What do you say, laddie? Hm?
It'll be all be over like that.
Just throw yourself in the road.
- I hope I don't get killed.
- Stop fussing, Pitkin.
Look, there's a nice little safe one
coming along now.
- That old one?
- Beggars can't be choosers, you know.
- Give us a push.
- Not likely. I won't get in trouble.
Just shut your eyes,
count up to three and then... you dive.
One, two...
Oi! I nearly shifted my load then!
Get out of it!
Don't you know your Highway Code?
- Pitkin!
- Oh, no, Mr Grimsdale, not that.
Of course not.
I've got a good idea, though.
- What?
- Well, don't you see?
I've been taking risks
to try and get you injured
when all the time,
the easy way to get in the hospital
is to have a patient
rather than be a patient.
- So all we need is a patient.
- Yes.
- And uniforms.
- And unifo...
Oh, trust you, Pitkin,
to ruin my best ideas.
How many times must I tell you
that the only way to get a uniform
is to pass the St John Ambulance
examination now?
If we need a patient and uniforms,
it might surprise you to know
that I have got an idea.
Open the doors! Oi!
Let's beat the ambulance,
I know a short cut.
Look out!
Come in.
- Sorry to disturb you.
- Something wrong?
I'm worried about Lindy.
She has a high temperature.
I'll call Dr Davis.
It's not a doctor she
needs, it's Mr Pitkin.
Really, Nurse!
I'm not going over all that again.
- But Matron...
- Sir Hector has ruled he can't come here.
- The subject is closed.
- What's the trouble?
- Nothing.
- But Matron...
Nurse! You may go.
Sir Hector, please. Won't you
reconsider your banning Mr Pitkin?
I most certainly will not.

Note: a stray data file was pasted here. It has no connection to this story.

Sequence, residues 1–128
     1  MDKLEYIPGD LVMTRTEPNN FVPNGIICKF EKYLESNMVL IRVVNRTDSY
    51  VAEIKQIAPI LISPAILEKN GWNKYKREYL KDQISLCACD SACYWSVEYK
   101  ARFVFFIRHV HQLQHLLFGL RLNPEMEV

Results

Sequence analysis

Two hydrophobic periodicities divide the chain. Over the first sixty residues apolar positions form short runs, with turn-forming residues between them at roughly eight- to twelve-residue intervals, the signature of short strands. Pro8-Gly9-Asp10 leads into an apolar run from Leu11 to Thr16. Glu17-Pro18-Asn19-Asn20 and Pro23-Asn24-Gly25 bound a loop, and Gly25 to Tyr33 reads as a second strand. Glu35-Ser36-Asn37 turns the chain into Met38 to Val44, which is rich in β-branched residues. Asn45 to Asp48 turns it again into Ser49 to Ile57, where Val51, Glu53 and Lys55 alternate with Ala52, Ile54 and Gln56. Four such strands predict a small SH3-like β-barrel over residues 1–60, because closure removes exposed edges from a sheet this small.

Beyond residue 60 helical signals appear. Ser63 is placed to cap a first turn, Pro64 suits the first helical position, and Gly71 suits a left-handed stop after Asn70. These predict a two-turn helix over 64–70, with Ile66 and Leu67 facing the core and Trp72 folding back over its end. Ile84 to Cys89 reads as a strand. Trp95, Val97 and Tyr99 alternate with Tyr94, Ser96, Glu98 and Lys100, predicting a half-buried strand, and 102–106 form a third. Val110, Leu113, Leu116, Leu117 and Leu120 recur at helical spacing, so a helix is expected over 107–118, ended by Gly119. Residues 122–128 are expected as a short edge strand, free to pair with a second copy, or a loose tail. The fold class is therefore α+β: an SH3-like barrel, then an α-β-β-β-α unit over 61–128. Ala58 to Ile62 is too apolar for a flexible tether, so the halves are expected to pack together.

His visits to a child
have done nothing but good.
Rubbish! He's done nothing but harm.
I'll not tolerate his presence
within a mile of here!
Whoa, Pitkin. We did it.
Thanks for the lift, boys.
I live just over the road.
Don't you worry, Pitkin.
I'll get you in there somehow.
I'll get in, all right. I'm going in now.
I'm gonna walk straight in!
But you've been banned.
Just wait, I'll have another idea soon.
Another idea Only if it concerns
getting your gold watch back.
- Well, I'm very proud of my watch.
- Shut up about your watch.
Don't you dare talk to me like that!
You're still in my employ.
You mean I was.
I've got it, Pitkin! I've got an idea!
Now, trust me, Pitkin,
just once more, eh?
- Well...
- Ah. There you are.
Sunshine Ball tonight on television.
Just get in front of the camera and wave
and let Lindy see you on television.
You've seen them do it.
That's it.
- How are we gonna get into the ball?
- Ahh.
St John Ambulance Brigade Ball
and we are wearing
St John Ambulance Brigade uniforms.
How is Lindy gonna find out
that I'm appearing on television?
Say it with flowers.
- Mr Pitkin sent these.
- Oh.
They're for Lindy. Thank you, Nurse.
Lindy? Mr Pitkin sent you some flowers.
So, you see, he hasn't forgotten you.
And a note.
Can I, er, help you, sir?
It's all right, porter, thank you.
We're on duty.
Erm... fainting cases, you see,
and we get people who've had
too much to drink and punch-ups and...
Round the back.
What do you mean, round the...? I've...
There's the television camera,
over there by that table.
- If we can get round there...
- Wait, I've been thinking. It's too risky.
- No. Lindy will be watching for me.
- But Pitkin, listen.
Ooh! Sorry but suddenly